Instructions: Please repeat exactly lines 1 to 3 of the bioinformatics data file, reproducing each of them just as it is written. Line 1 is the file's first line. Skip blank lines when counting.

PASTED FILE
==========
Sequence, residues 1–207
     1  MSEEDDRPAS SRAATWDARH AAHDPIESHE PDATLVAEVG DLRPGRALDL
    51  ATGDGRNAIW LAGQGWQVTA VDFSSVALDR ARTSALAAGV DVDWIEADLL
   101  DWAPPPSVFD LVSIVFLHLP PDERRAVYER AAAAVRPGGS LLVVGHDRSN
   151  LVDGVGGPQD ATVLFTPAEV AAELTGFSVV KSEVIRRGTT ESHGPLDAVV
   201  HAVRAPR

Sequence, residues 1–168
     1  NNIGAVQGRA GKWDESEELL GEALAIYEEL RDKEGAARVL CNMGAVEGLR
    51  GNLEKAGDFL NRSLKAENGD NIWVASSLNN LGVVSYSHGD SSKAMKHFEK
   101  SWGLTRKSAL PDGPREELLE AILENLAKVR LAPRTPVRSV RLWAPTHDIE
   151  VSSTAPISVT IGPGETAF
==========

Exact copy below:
Sequence, residues 1–207
     1  MSEEDDRPAS SRAATWDARH AAHDPIESHE PDATLVAEVG DLRPGRALDL
    51  ATGDGRNAIW LAGQGWQVTA VDFSSVALDR ARTSALAAGV DVDWIEADLL